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Outputting data to a log file


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#1   Members   

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Posted 13 March 2012 - 12:43 PM

I am currently outputting infomation to a log file by using the freopen_s function with stdout to get all of the output from cout in a text file.

So at various places in the codebase I can use cout to output some text to the file.

I was just wondering if this is an ok method to create a log file or if there is something wrong with doing it like this?

#2   Members   

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Posted 13 March 2012 - 12:58 PM

It seems awkward. Why not just write to a file, or redirect to file via > when running the app, or using cerr/clog?

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Posted 13 March 2012 - 01:14 PM

Could you explain how I could do that?

#4   Moderators   

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Posted 13 March 2012 - 01:28 PM

See this link.
zlib: eJzVVLsSAiEQ6/1qCwoK i7PxA/2S2zMOZljYB1TO ZG7OhUtiduH9egZQCJH9 KcJyo4Wq9t0/RXkKmjx+ cgU4FIMWHhKCU+o/Nx2R LEPgQWLtnfcErbiEl0u4 0UrMghhZewgYcptoEF42 YMj+Z1kg+bVvqxhyo17h nUf+h4b2W4bR4XO01TJ7 qFNzA7jjbxyL71Avh6Tv odnFk4hnxxAf4w6496Kd OgH7/RxC

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Posted 13 March 2012 - 01:45 PM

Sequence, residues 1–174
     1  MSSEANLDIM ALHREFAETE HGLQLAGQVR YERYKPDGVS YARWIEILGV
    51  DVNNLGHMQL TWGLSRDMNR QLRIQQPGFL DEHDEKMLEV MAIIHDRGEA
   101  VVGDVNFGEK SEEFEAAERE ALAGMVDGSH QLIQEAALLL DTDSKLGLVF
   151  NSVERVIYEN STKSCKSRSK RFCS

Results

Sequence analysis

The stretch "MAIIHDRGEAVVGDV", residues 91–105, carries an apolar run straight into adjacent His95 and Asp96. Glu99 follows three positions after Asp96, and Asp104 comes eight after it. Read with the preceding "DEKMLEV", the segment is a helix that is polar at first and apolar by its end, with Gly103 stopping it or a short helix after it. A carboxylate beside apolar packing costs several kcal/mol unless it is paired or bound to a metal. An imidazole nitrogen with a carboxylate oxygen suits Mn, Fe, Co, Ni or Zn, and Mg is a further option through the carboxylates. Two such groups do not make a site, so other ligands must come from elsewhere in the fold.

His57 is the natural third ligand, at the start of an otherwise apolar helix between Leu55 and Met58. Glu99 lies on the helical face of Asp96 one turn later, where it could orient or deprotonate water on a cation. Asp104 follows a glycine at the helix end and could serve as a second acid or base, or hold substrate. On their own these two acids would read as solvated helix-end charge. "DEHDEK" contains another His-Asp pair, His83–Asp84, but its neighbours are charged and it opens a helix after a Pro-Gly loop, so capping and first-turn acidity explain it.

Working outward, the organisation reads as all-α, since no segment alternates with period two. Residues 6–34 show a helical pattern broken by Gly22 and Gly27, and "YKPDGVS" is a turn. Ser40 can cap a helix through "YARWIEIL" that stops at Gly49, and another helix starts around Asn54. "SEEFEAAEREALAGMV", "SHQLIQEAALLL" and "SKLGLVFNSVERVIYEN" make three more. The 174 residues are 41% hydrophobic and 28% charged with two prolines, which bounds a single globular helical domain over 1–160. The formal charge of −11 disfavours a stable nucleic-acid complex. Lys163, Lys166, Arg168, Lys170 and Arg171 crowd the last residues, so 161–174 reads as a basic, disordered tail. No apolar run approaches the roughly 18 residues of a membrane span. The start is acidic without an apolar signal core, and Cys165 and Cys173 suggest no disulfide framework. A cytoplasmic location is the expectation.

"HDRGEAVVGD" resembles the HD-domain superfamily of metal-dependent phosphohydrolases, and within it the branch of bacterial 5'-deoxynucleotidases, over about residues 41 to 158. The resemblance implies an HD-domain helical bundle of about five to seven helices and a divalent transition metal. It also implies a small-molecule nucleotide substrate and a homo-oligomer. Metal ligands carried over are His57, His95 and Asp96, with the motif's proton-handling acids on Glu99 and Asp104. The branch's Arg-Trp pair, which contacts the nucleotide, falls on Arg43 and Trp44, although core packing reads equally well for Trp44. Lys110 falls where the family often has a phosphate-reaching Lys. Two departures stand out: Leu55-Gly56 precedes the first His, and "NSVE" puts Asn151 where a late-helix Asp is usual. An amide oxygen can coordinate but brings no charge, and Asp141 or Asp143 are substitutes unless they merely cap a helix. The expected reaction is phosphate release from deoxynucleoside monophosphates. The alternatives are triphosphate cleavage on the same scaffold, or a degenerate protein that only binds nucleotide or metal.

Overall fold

void CLog( const char* szMsg, ... ) //Own, custom function

{

    if( g_CLog_bInitialized )

    {

        char szBuffer[512] = { 0 };

        va_list vaArgs;

        FILE* pFile;



        va_start( vaArgs, szMsg );

        _vsnprintf_s( szBuffer, sizeof(szBuffer), szMsg, vaArgs );

        va_end( vaArgs );



        fopen_s( &pFile, "MyLog.txt", "a+" );



        if( pFile )

        {

            fprintf( pFile, "%s", szBuffer );

            fclose( pFile );

        }

    }

}



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Posted 15 March 2012 - 07:03 AM

Sorry I'm a little confused by all of this. The reason I was redirecting the stdout to a text file was so that I can call it from any class without needing to keep track of a file or buffer.

is freopen a good way of doing this or is there a better way?

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Posted 15 March 2012 - 08:09 AM

As above, if you just use stdout and friends then the person running your program can decide where they want the output to go by redirecting output as described in the link above. Alternatively, if you make sure to always use e.g. std::clog where appropriate, then you can do something like:

class ScopedStreamRedirect
{
  std::ostream& os;
  std::streambuf* old_rdbuf;

  public:
  ScopedStreamRedirect(std::ostream& os, std::streambuf* rdbuf)
	: os(os), old_rdbuf(os.rdbuf())
  { os.rdbuf(rdbuf); }

  ~ScopedStreamRedirect()
  { os.rdbuf(old_rdbuf); }
};

// ...

int main()
{
  // ...
  std::ofstream log_file("debug.log");
  ScopedStreamRedirect(std::clog, log_file.rdbuf());

  // writes to std::clog now end up in file 'debug.log'
}

These redirections also nest, albeit not concurrently, if that was useful for any reason.
[TheUnbeliever]

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Posted 15 March 2012 - 01:56 PM

Ah I understand now, thank you very much!




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